James Clavell (Charles Edmund DuMaresq de Clavelle) (October 10 1924 - September 7 1994) was a novelist and screenwriter, famous for books such as Shogun and films such as The Great Escape and To Sir, With Love.
Clavell was born in Sydney, Australia in 1924. His father was an officer in the Royal Navy, so Clavell was raised in many different places within the British Commonwealth. In 1940 he joined the British Royal Artillery and was sent to Malaysia to fight the Japanese. Wounded by machine gun fire, he was eventually captured and sent to a Japanese POW camp on Java. Later, he was transferred to Changi prison near Singapore, where he was one of only 10,000 survivors, out of an original 150,000 prisoners. His experiences there became the basis of his first novel, King Rat, published in 1962.
Prior to this, Clavell pursued a career as a screenwriter with an eye on becoming a director, achieving success in Hollywood with films such as The Fly and Watusi. He co-wrote and produced the classic film The Great Escape, which firmly established his reputation in Hollywood.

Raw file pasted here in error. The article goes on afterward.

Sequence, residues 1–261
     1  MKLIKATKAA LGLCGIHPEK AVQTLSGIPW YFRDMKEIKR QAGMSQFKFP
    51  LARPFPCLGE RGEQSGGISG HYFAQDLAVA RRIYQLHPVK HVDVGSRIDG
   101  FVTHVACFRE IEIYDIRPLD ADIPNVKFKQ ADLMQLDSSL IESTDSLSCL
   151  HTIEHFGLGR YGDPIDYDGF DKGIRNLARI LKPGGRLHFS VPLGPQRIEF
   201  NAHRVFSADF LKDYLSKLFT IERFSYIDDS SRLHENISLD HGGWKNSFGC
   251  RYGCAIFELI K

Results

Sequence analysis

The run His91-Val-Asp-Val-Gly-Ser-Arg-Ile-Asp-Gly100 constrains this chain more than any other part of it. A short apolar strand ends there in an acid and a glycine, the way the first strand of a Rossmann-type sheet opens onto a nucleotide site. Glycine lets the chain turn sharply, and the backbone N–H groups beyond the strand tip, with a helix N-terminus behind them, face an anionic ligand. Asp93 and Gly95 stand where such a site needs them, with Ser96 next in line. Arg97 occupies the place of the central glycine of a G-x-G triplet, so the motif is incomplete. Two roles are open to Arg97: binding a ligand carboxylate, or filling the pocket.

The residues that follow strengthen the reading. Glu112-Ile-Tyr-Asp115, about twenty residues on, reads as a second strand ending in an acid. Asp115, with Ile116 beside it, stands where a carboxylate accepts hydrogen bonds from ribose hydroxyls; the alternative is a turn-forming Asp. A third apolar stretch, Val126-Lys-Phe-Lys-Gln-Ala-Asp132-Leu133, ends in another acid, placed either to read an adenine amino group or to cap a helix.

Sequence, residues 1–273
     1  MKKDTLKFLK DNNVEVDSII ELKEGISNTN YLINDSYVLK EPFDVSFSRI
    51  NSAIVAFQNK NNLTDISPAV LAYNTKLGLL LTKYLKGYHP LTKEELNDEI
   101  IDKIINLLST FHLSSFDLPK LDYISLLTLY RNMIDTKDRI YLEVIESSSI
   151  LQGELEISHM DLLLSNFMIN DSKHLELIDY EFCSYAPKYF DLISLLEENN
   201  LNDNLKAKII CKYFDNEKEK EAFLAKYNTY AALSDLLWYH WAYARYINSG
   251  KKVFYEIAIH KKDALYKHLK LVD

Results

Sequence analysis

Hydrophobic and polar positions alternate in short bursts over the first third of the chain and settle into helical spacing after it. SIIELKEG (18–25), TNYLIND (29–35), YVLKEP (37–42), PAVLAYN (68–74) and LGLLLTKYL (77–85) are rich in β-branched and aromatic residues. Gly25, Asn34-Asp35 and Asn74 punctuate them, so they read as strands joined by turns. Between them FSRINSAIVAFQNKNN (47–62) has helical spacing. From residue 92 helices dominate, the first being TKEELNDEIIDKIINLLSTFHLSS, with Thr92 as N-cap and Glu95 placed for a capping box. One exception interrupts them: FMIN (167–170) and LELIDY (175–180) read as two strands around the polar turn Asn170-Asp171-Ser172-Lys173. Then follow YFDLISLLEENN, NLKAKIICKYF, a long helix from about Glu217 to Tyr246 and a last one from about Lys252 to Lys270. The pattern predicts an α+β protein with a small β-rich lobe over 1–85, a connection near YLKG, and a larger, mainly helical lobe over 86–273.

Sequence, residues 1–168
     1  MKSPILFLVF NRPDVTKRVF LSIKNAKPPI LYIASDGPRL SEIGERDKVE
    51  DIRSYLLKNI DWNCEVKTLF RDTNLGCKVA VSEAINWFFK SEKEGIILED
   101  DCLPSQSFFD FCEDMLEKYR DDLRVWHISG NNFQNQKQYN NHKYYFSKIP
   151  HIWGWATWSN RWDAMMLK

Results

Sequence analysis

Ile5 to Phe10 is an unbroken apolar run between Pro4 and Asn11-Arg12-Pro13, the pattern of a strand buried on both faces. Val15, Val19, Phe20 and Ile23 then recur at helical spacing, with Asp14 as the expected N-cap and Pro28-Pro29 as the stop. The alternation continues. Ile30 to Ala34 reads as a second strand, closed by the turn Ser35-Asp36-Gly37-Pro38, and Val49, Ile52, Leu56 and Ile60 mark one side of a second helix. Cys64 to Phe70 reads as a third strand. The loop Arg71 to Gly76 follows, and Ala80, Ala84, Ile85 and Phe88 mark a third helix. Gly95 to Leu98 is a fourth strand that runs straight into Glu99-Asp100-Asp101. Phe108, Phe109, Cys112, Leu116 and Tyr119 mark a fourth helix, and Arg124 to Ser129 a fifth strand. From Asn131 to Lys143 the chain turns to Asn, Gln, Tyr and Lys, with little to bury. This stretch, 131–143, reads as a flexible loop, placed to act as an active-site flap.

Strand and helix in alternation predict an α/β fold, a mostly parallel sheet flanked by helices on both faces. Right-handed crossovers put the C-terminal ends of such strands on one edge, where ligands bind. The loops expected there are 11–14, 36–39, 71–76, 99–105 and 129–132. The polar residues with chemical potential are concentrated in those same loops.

After publishing King Rat in 1962, Clavell returned to novels with Tai-Pan in 1966. Set during the founding period of Hong Kong in the 1840s, Tai-Pan became the model for Clavell's later novels, which involve a large number of characters and numerous loosely interwoven plots. Characters and families from one novel often appear in others, separated by as many as 400 years. Many of the novels follow the history of Strauns, a trading company, based on the actual company Jardine Matheson.
It may be said that the real protagonists in Clavell's novels are not the characters, but the time and place; the characters are the canvas on which Clavell illustrates a culture.
Clavell is considered among the first Western writers to portray Asian people as they see themselves, rather than viewing them through Western eyes. He is often held up as a model for multi-culturalists.